How Materialism Leads to Discontentment

By Mary Hunt

August 7, 2019 4 min read

I should not have even picked it up. I knew better. After all, what was I expecting from a magazine titled SHOP Etc.?

I can say with all honesty that before flipping open the magazine, I needed nothing. Not a thing. I was content and quite busy with my work. If anything was tugging at my attention, it was my garden and all my planting issues — not a lack of shoes, clothes and household items.

In the space of just a few minutes, everything changed. Just like that, I needed new shoes (Michael Kors, $235), sunglasses in the hot purple shade for summer (Prada, $245) and, of course, The Cutest Suit (J. Crew, $296).

And once I saw the new must-haves for the kitchen, everything I have now seemed completely unacceptable and hopelessly out of style. I need new Czech goblets (Crate and Barrel, $8.95 each), a stainless-steel sink (Kohler, $1,815) and a faucet (Essex, $385). Don't even get me started on all the things I realized I need for my bedroom, patio and living areas. How naive I was, having felt content and quite satisfied with my life only a few minutes earlier. A mere 164 pages later, I was filled with inadequacy and discontentment.

Had I been standing in a store when I was overwhelmed by all these marketing-induced "needs," who knows what might have happened.

Simply perusing this magazine gave me a touch of affluenza (affluence + influenza), which is an extreme form of materialism that causes us to overwork and accumulate high levels of debt in order to purchase more goods.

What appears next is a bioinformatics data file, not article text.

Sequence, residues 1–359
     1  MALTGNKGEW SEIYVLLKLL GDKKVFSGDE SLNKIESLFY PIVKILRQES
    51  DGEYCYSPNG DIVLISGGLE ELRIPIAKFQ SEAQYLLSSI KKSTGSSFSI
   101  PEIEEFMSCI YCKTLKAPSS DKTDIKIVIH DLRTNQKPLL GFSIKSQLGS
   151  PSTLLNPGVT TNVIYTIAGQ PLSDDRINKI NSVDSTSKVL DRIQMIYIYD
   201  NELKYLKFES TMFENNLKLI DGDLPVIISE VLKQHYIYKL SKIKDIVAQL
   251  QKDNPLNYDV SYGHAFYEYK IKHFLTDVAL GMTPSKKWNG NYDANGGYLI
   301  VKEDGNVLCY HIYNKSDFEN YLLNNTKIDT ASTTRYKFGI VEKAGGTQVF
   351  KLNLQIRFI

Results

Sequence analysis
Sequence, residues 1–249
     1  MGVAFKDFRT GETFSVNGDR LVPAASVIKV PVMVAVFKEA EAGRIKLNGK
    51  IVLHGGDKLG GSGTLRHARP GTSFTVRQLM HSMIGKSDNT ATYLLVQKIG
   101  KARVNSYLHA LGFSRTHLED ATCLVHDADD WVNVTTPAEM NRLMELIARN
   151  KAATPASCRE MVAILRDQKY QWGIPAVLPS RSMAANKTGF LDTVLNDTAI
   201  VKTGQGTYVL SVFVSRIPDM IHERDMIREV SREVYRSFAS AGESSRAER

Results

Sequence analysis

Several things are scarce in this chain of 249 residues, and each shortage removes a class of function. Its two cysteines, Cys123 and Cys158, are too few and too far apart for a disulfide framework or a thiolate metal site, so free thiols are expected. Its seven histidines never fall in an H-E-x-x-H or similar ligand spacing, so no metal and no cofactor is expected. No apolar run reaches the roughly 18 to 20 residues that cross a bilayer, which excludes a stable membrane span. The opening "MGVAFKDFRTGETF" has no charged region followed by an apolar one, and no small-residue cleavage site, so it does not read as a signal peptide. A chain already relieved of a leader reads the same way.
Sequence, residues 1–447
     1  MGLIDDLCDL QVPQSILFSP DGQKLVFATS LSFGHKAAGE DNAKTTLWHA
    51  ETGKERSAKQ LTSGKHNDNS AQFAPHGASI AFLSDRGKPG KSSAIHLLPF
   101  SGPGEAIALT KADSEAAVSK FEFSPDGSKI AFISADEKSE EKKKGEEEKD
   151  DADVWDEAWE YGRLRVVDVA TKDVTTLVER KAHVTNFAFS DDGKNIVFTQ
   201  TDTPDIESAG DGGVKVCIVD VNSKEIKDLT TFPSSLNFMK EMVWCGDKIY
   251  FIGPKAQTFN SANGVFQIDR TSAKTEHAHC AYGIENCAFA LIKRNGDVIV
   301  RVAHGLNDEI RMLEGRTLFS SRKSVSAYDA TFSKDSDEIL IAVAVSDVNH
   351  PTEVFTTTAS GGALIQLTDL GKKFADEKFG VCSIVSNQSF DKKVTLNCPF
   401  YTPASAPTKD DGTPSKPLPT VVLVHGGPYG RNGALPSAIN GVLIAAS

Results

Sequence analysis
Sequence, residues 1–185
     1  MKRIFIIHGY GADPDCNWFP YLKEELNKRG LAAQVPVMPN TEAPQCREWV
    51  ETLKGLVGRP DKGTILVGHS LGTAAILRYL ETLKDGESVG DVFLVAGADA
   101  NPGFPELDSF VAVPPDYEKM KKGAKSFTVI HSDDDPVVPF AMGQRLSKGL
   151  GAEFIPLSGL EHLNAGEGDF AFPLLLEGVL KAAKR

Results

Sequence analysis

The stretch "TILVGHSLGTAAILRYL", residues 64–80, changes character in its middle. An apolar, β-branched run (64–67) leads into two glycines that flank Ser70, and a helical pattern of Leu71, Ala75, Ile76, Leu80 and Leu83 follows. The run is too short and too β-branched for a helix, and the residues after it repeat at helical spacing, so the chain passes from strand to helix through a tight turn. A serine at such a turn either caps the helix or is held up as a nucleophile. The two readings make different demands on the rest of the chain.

To the late John Kenneth Galbraith, author of "The Affluent Society" and former Harvard University economist, materialism has gone mad. That is what breeds discontentment. Through advertising, we are conditioned to buy things that we really don't want or need — we just get the feeling that we need them.

Thankfully, I was prepared to deal with this because I know myself and how easily I can be persuaded. I know that true needs are never discovered while wandering the aisles of a store or clicking through pages on Pinterest. If I really needed the most adorable wedge sandals in the perfect lime-green shade with white polka dots, I was aware of that before I walked in or logged on.

Rather than linger longingly over all the stunning pages of beautiful things, I tossed SHOP Etc. into the trash. I pushed it way down to the bottom with the icky stuff so I wouldn't be tempted to retrieve it later. But those shoes were still on my mind. To move them out of my thoughts, I wrote a list of what I could recall of them. There. I'll get them later. Same with the kitchen stuff and other items that were already fading fast from my mind.

I told myself that if the burning needs remained a week later, I would deal with them then. And in the meantime? I have renewed my personal rule to not even pick up catalogs or magazines or mindlessly surf websites that have such a powerful effect on my psyche. And should the time come when I really do need shoes, a sink or sunglasses, I'm quite sure I'll know what to do.

And now if you'll pardon me, it's my garden that needs my attention.

Mary invites questions, comments and tips at, "Ask Mary a Question." This column will answer questions of general interest, but letters cannot be answered individually. Mary Hunt is the founder of Debt-Proof Living, a personal finance member website and the author of the book Debt-Proof Living, Revell 2014. To find out more about Mary visit the Creators Syndicate Web page at

Photo credit: Free-Photos at Pixabay

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